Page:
School of Economics and Management
Beihang University

Why numerical linear algebra?

  • Difference between linear algebra and applied linear algebra.
  • Think about linear algebra in Statistics.
  • In curve fitting.
  • In image processing.
  • In signal processing.
  • etc.

We need to know numerical techniques!


  • In general, a matrix acts on a vector by changing both its magnitude and its direction.
  • However, a matrix may act on certain vectors by changing only their magnitude, and leaving their direction unchanged (or reversing it).
    • these vectors are the eigenvectors of the matrix
    • the scaling factor is the eigenvalue.


  • Think about the linear transformation \(\mathbf{y} = \mathbf{A}\mathbf{x}\), where

\[\mathbf{A} = \left(\begin{array}{cc} 2 & 0\\ 0 & 0 \end{array}\right),~\mathbf{x} = \left(\begin{array}{c} \cos\theta \\ \sin\theta \end{array}\right),~\mathbf{y} =\left(\begin{array}{c} y_1 \\ y_2 \end{array}\right).\]

  • What is its geometric interpretation?

  • What happens when \(\theta = \frac{\pi}{4}\)?

  • When \(\theta = \frac{\pi}{2}\)?

  • When \(\theta = 0\)?


  • What if \(\mathbf{A}\) is not diagnal?
  • How to find its eigenvalues and eigenvectors?
  • If \(\mathbf{A}\) is a real symmetric matrix
    • Only real eigenvalues
    • \(n\) distinct linearly independent eigenvectors
    • pairwise orthogonal
    • \(\mathbf{A = Q\Lambda Q^T}\)
  • When \(A\) is diagonalisable?
  • If a diagonalisation doesn't exist, there is always a triangularisation via Schur Decomposition: \(\mathbf{A = QSQ^T}\).
  • Let us revisit together the properties of eigenvalues and eigenvectors.

What does eigenanalysis help to do?

  • Let's try to understand what \(\mathbf{Ax} = \lambda \mathbf{x}\) is really asking.
  • Can we find a pair of \(\lambda\) and \(\mathbf{x}\) such that when a matrix \(\mathbf{A}\) is applied to \(\mathbf{x}\), it doesn't change the direction and just scales the vector?
  • If we can find such a pair, then everytime we do something with \(\mathbf{Ax}\) in some mathematical operation, we can replace it with \(\lambda \mathbf{x}\).

What does eigenanalysis help to do?

  • Consider \(\mathbf{A} = \left(\begin{array}{cc} 5 & -1\\ -2 & 4 \end{array}\right)\) and \(\mathbf{x} = \left(\begin{array}{c} 1 \\ -1 \end{array}\right)\).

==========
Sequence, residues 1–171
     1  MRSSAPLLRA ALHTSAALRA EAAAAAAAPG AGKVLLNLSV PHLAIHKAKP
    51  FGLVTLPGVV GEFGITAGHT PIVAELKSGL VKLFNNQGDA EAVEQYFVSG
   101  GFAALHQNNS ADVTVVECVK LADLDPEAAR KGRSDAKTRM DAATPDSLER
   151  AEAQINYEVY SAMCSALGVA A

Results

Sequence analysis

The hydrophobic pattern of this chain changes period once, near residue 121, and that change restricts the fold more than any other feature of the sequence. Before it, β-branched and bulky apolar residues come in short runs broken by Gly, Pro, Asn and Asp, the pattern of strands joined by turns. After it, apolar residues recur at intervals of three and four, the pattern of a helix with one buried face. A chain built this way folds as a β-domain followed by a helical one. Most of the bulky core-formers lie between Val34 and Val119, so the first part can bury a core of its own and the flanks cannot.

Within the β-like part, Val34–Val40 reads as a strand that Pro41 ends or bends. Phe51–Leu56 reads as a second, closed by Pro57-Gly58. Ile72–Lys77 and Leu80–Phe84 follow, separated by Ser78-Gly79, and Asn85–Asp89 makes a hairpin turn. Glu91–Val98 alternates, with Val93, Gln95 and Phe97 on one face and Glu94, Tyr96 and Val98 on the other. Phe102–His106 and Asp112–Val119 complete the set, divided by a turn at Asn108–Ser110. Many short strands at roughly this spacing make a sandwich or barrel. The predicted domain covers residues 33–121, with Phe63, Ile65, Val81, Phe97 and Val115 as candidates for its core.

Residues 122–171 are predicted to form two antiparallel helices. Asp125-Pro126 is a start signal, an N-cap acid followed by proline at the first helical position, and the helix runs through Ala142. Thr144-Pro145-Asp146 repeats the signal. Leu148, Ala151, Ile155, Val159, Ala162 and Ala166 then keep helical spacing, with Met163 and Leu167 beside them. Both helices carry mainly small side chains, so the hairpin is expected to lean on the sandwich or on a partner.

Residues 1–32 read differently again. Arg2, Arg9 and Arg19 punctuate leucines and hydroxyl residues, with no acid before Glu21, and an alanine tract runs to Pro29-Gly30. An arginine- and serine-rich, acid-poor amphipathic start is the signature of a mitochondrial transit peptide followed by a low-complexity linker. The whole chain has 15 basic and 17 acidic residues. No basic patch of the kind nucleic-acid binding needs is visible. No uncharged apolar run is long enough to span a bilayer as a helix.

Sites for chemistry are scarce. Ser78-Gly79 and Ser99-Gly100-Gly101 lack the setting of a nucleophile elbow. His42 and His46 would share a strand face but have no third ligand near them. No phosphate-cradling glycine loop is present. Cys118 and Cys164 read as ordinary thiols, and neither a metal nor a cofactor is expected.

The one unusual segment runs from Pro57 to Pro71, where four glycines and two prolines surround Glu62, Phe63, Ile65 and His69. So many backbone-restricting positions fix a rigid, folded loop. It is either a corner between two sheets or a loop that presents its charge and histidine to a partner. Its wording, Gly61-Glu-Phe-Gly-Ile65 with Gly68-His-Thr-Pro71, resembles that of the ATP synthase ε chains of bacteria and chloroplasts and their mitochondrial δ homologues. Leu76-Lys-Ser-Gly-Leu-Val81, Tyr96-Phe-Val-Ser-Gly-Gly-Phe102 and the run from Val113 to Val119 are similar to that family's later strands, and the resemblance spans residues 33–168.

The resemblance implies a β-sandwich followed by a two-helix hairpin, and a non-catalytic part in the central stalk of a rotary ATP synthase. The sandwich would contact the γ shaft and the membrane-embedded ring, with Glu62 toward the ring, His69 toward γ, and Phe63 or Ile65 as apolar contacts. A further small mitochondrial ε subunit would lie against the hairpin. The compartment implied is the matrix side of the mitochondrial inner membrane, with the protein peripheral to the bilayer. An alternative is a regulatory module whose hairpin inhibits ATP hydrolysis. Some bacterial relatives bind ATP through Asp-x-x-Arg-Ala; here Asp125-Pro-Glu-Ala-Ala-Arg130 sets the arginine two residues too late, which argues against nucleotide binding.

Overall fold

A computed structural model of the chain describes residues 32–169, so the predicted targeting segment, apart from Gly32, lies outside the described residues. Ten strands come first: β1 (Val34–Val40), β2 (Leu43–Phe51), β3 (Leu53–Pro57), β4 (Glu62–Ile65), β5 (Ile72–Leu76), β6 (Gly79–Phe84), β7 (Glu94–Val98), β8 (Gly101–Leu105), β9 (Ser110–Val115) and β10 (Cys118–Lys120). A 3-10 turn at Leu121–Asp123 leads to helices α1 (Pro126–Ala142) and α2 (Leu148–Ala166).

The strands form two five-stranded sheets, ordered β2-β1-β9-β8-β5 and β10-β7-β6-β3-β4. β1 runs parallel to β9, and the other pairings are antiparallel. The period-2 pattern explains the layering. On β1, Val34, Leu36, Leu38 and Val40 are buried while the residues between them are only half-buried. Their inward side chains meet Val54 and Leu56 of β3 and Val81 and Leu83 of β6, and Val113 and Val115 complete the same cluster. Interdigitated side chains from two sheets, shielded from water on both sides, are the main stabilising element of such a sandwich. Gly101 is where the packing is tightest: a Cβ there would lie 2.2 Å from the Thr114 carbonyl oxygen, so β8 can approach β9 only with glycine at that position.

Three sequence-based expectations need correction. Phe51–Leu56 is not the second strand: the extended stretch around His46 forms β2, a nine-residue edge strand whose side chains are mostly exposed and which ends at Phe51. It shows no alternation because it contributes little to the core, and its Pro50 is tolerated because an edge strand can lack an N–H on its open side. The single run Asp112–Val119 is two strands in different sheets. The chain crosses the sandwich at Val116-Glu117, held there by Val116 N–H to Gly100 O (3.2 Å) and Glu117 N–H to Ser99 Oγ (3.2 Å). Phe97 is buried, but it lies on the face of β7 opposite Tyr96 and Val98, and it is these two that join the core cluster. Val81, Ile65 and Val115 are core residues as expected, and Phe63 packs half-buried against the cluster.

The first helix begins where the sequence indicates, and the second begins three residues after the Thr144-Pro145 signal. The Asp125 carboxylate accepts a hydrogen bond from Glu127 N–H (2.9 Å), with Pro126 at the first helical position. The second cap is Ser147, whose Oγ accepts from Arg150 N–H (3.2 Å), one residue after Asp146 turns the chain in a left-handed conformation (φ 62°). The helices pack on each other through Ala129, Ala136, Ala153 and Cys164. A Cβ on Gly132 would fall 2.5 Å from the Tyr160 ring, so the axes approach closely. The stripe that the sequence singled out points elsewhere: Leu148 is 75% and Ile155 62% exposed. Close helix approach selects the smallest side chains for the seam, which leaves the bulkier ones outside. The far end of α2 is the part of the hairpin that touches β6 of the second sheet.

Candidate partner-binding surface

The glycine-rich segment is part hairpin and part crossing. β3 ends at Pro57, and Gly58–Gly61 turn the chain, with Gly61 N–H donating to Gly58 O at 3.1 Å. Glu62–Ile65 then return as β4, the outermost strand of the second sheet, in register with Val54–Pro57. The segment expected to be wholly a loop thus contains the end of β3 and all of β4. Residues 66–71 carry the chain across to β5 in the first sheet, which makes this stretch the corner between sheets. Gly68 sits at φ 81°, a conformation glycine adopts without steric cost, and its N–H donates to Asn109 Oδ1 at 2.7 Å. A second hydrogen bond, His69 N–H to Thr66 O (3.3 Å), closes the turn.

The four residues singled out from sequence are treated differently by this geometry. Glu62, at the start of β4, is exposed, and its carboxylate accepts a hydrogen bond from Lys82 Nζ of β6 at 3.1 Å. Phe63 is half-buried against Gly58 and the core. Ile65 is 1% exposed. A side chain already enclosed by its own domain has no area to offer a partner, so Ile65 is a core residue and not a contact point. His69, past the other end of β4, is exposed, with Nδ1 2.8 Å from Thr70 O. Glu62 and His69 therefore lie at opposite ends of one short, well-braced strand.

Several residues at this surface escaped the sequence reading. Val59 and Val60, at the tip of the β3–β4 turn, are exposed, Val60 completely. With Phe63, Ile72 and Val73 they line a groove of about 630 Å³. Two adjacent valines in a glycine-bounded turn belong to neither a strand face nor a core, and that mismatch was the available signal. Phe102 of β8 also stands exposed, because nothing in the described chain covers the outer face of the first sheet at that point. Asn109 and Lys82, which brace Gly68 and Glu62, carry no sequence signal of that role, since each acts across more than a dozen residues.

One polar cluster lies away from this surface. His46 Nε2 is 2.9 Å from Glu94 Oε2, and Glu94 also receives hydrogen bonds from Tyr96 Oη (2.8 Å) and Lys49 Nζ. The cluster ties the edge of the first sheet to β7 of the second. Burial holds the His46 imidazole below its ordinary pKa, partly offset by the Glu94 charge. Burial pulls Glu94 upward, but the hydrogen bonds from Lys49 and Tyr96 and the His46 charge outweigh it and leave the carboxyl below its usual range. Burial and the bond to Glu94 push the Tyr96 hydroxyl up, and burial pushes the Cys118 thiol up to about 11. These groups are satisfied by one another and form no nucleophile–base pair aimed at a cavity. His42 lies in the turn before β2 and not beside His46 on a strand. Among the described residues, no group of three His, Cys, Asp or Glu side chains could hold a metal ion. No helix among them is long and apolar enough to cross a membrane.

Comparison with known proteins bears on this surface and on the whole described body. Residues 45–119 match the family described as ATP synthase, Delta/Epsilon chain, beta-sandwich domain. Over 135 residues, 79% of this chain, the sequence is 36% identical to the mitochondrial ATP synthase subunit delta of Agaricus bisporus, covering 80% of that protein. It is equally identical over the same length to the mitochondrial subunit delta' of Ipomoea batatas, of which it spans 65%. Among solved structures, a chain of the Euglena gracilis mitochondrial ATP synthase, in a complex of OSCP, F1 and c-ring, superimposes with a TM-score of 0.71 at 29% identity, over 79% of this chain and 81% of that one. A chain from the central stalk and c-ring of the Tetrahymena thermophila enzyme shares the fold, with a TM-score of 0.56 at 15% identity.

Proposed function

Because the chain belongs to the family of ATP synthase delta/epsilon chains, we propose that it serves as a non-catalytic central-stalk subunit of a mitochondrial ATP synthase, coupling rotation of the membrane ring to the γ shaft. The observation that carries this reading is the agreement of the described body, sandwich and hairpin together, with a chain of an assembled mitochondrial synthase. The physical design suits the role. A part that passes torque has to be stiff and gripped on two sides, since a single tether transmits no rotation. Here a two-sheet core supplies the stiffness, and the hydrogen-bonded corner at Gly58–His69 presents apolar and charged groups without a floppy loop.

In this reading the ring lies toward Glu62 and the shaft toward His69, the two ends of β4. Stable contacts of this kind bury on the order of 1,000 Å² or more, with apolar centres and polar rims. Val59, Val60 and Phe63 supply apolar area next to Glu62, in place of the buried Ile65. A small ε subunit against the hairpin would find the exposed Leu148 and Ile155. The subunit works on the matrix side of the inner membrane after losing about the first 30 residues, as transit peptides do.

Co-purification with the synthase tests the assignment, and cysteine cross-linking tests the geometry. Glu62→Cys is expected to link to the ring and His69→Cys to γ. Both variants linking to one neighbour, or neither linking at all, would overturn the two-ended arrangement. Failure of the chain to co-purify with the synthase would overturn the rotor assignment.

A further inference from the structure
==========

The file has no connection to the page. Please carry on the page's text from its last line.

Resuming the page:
• what if we now want to calculate \(\mathbf{A^{20}x}\)?
    • what if we now want to calculate \(\mathbf{A^{-1}x}\)?
  • Computationally, we would rather work with scalars than matrices and this is what eigenanalysis helps us do.
  • But what if we are not lucky enough to be asked to multiply a matrix by one of its eigenvectors?

Advantages of eigenanalysis

  • It enables us to replace a matrix with a scalar when we have the opportunity to change our coordinate system to the eigenvectors of a matrix.
  • We can express any vector in terms of this new coordinate system.
  • We can use the fact that \(\mathbf{Ax} = \lambda \mathbf{x}\) to simplify calculations.

Application of Eigenanalysis: Google

How to know page rank?

  • How does the search engine know which pages are the most important?
  • Google assigns a number to each individual page, expressing its importance.
  • This number is known as the PageRank and is computed via the eigenvalue problem \(Aw = \lambda w\), where \(A\) is based on the link structure of the Internet.

Google's pagerank

  • Suppose we have a set of webpages \(W\), with \(|W|=n\) as the number of webpages.
  • We define a connectivity (adjacency) matrix \(A\) as follows: \(A_{i,j}\) is 1 if there is a hyperlink from page \(i\) to page \(j\) and 0 otherwise.
  • Typically \(A\) is huge (27.5 billion x 27.5 billion in 2011), but extremely sparse (lots of zero values)

A small example

  • Consider the small set of five webpages.
  • The connectivity matrix is \[A = \left(\begin{array}{ccccc} 0 & 1 & 0 & 1 & 1\\ 0 & 0 & 1 & 1 & 1\\ 1 & 0 & 0 & 1 & 0\\ 0 & 0 & 0 & 0 & 1\\ 0 & 0 & 1 & 0 & 0 \end{array}\right)\]

A small example

  • The ranking of page \(i\) is proportional to the sum of the rankings of all pages that link to \(i\): \(r_4 = \alpha(r_1 + r_2 + r_3)\).
  • So this is a system of \(n =5\) linear equations: \[r = \alpha A^T r, ~\text{or}~A^T r = (1/\alpha) r.\]
  • The ranking vector is treated like a probability of relevance, so we need to then rescale so that \(\Sigma_{i=1}^n = 1.\)
  • Go to R and compute pageranks.

What you need to realise for now

  • Finding the eigenvalues and eigenvectors of a massive matrix is computationally challenging though (don’t try to solve the characteristic polynomial!)
  • and you will learn numerical techniques later.